Tamara Pletnyova, head of the family, women and children's affairs committee, argued that even if these relationships led to marriage, women or their children would inevitably be taken overseas by the man.
She said women who had babies with foreigners around the time of the 1980 Olympics in Moscow often "suffered" as single mothers. She added that, even if Russian women get married to their foreign partners after giving birth, they could end up living overseas with their spouses and have no idea how to return home.
Asked if the World Cup could boost Russia's birth rate - a key goal for President Vladimir Putin - Pletneva replied: "We should be giving birth to our own children". "They've suffered in the past, since the Soviet period".
Children who are mixed-race are likely to be brought up in one-parent families, she warned.
'Will there still be girls who will date foreigners and then have children from them Perhaps there will be some, but I am hoping not'. "I'm not a nationalist, but still", she added. They are being dumped and this is it.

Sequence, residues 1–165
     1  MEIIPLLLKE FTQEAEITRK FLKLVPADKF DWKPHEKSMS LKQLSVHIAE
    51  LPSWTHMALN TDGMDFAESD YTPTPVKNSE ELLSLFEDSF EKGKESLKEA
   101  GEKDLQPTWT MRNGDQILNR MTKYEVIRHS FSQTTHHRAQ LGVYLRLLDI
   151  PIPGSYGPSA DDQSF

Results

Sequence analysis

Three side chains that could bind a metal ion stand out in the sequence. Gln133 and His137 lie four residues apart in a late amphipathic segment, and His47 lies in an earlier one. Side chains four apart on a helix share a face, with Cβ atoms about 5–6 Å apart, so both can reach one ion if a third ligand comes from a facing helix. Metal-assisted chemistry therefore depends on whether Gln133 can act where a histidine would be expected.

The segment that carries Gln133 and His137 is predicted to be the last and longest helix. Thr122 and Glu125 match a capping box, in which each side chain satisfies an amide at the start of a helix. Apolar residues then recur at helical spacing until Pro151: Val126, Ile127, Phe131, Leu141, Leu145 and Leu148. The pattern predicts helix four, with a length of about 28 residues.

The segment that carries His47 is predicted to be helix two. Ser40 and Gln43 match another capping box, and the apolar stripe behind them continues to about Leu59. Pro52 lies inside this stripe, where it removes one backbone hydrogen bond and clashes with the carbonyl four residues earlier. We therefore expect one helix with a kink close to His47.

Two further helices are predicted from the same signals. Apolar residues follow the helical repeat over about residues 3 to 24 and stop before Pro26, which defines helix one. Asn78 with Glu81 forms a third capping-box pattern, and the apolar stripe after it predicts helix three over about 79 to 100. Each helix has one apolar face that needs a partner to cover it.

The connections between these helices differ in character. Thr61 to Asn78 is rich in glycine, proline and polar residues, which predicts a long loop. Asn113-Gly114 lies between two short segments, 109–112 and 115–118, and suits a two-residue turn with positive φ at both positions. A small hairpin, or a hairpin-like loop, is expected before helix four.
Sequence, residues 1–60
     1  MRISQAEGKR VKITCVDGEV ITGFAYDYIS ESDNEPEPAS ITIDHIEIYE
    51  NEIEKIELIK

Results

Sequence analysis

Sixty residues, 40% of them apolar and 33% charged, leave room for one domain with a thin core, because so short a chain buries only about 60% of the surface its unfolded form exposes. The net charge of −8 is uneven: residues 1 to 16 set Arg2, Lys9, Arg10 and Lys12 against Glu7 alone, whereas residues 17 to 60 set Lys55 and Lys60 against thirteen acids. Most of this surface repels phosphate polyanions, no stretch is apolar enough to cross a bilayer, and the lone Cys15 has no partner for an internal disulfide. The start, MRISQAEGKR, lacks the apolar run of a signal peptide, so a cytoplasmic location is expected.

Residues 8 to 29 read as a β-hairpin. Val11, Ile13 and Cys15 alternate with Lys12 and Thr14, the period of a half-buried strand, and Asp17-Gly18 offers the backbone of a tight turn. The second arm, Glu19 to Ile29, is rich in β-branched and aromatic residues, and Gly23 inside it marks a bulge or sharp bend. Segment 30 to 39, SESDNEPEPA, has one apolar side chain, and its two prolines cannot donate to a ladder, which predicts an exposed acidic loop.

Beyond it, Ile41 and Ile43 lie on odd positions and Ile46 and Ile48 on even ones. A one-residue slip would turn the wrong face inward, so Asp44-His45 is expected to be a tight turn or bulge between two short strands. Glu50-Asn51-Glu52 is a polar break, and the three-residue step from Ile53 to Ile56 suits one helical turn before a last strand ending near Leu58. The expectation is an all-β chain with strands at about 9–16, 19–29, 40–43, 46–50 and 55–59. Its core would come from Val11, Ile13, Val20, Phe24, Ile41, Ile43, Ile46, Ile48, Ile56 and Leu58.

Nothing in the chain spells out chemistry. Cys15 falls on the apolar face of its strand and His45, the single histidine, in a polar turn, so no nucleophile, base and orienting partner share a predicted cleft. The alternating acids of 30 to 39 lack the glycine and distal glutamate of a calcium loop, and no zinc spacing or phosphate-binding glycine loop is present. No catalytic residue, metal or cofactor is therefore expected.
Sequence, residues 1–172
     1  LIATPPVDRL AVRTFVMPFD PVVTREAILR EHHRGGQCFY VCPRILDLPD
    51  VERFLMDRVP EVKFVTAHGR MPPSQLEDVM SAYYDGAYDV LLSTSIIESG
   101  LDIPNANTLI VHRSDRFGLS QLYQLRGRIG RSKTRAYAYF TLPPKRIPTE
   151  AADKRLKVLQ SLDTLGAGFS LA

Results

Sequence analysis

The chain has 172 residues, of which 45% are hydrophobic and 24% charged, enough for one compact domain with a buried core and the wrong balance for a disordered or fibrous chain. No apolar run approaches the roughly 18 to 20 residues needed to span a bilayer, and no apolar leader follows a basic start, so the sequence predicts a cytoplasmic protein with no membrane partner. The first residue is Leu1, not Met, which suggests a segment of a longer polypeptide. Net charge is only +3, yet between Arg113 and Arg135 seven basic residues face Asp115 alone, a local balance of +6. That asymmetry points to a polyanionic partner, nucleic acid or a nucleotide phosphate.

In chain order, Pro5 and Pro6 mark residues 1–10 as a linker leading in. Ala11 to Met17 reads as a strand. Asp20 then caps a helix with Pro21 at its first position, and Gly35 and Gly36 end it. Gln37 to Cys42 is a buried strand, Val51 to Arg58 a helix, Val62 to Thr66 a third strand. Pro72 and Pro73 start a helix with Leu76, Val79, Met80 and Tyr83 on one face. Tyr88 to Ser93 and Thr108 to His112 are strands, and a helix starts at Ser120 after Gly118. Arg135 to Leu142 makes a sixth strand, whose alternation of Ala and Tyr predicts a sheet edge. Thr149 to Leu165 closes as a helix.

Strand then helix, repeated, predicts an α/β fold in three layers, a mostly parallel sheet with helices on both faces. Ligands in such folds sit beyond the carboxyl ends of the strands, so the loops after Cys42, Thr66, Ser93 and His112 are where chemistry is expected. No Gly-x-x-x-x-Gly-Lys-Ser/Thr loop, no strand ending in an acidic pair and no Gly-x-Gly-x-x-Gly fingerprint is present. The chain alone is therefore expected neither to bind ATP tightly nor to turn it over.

She said that children risked being "abandoned and just left with their mother;" or, alternatively, being taken overseas by their fathers, urging women to marry "Russian citizens".
"Even if they marry, they move her overseas, then she does not know how [to return] from there", Pletnyova, who is known for her conservative remarks, told the Govorit Moskva (Moscow Speaks) radio station on Wednesday. "I know that the children suffer as well, and then they are abandoned and stay here with the mother".
'I would have liked people in our country marry for love, regardless of nationality'.
Pletnyova concedes that if Russian women simply can't control themselves, they should at least have sex with visitors of the same race.
However, her comments drew both criticism and ridicule.
Meanwhile, companies involved in this year's World Cup - including Federation Internationale de Football Association and Russian Railways - are having employees take classes to learn how to smile and make tourists feel more welcome.
'We're not in America or Europe.
Pletynova has been an MP since the first post-Soviet parliament in 1993.